The origins of chartering are related to commercial trade activities in ancient Greece, the Phoenician civilization, and Egypt.
This figure of the shipping law is one of the oldest. According to BIMCO, “The chartering of a ship, in its simplest terms, is a rental agreement in which a charterer agrees to hire a ship from its owner. Typically it is the charterer who will be the owner of the cargo, which he needs to move to some other part of the world, and unless he has ships of his own, he will depend on others to move the cargo for him. The hire money for this transaction is known as “freight” and is the reward to the ship-owner for the use of his vessel.”
The contract can arrange the complete use of the vessel or just a space on it, for a single voyage or many, or for a long term.
-Bareboat charter (by demise): According to the United Nations Convention on Conditions for Registration of Ships, celebrate in Geneva, 7 February 1986:
Bareboat charter” means a contract for the lease of a ship, for a stipulated period of time, by virtue of which the lessee has complete possession and control of the ship, including the right to appoint the master and crew of the ship, for the duration of the lease.
-Time charter: A charter under which the shipowner hires out a ship for a specified period with the ship-owner providing the crew and paying ship operating expenses while the charterer is responsible for paying the voyage expenses and additional voyage insurance. (http://www.globalshiplease.com)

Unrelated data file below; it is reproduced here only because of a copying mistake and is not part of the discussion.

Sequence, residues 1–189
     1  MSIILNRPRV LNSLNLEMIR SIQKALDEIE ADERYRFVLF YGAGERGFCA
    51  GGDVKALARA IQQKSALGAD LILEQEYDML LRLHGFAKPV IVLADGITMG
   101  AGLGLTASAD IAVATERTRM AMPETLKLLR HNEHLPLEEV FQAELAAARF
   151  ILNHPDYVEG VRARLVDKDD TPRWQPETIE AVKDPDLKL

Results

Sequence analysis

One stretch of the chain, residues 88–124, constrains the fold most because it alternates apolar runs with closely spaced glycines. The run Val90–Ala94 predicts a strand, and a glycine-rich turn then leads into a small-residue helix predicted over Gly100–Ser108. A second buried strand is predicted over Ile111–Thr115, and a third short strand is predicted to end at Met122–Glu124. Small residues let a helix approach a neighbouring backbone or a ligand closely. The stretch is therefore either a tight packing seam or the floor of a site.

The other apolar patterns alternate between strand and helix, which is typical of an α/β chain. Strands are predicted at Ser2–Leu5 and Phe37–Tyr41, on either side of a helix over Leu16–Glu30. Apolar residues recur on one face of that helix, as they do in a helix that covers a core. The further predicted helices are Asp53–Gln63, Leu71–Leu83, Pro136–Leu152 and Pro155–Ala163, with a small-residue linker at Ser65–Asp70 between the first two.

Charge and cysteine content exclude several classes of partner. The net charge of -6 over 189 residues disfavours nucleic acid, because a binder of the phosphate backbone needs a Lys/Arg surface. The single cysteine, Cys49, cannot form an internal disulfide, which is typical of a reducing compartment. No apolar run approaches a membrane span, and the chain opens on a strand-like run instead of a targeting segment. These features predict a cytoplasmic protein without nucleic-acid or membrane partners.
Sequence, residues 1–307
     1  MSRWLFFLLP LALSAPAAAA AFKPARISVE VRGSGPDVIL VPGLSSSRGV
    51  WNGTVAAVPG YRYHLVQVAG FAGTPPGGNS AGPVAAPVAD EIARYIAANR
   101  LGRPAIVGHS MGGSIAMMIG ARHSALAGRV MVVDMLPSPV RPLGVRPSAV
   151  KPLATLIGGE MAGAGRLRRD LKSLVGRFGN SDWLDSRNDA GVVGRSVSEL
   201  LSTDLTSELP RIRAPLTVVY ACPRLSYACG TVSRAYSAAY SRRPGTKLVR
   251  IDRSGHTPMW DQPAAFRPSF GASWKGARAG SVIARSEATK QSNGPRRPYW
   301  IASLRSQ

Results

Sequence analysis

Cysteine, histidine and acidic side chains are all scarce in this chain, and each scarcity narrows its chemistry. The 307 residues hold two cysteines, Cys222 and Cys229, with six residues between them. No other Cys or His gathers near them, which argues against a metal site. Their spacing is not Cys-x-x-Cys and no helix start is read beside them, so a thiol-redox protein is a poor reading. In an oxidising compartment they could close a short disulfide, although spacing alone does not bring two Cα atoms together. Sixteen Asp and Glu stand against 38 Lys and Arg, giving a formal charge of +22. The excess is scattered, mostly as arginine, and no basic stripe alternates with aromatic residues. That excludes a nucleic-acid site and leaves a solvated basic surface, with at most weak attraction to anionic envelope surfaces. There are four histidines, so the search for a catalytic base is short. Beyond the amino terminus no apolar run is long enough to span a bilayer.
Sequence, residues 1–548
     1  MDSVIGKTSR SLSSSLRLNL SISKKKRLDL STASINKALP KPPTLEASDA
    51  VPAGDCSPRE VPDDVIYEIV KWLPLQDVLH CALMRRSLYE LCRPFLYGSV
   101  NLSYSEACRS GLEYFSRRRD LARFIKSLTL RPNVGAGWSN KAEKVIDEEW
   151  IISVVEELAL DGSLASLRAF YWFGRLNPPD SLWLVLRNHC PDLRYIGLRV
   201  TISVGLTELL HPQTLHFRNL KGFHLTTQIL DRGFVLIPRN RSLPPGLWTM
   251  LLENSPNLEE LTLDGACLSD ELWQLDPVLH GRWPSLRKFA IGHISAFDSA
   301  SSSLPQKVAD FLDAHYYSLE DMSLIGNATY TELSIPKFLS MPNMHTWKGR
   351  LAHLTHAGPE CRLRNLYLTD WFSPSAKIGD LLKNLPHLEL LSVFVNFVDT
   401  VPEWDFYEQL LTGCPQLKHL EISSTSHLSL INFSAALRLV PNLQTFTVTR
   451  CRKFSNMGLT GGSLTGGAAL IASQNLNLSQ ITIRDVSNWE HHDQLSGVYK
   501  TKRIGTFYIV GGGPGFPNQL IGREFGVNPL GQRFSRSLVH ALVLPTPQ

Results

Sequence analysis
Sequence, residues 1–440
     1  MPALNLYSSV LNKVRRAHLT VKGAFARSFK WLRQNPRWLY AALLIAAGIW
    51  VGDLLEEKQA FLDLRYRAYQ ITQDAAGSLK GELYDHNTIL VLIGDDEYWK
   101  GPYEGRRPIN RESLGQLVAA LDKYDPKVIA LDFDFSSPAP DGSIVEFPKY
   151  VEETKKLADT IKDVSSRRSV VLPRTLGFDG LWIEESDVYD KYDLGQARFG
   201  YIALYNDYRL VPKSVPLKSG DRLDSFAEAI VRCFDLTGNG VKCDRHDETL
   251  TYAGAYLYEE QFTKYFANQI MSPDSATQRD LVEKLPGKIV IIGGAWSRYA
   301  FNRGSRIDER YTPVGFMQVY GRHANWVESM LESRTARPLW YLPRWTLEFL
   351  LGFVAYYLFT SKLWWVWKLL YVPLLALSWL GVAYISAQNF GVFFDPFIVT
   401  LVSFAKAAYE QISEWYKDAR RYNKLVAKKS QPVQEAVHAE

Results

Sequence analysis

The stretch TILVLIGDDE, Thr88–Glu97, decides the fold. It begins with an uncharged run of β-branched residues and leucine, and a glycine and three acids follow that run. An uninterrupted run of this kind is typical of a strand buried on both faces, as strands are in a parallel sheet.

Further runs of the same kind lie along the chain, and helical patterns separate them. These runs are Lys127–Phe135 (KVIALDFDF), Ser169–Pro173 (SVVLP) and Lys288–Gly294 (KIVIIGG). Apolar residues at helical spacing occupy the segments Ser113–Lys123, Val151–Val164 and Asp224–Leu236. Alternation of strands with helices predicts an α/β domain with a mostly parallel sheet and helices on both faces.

– Voyage Charter: A charter under which a shipowner hires out a ship for a specific voyage between the loading port and the discharging port. The ship-owner is responsible for paying both ship operating expenses and voyage expenses. Typically, the charterer is responsible for the cost of any delay in the loading or discharging ports. The ship-owner is paid freight based on the cargo movement between ports. (http://www.globalshiplease.com)
The obligations of the parties vary depending on the type of contract, but there are some general obligations:
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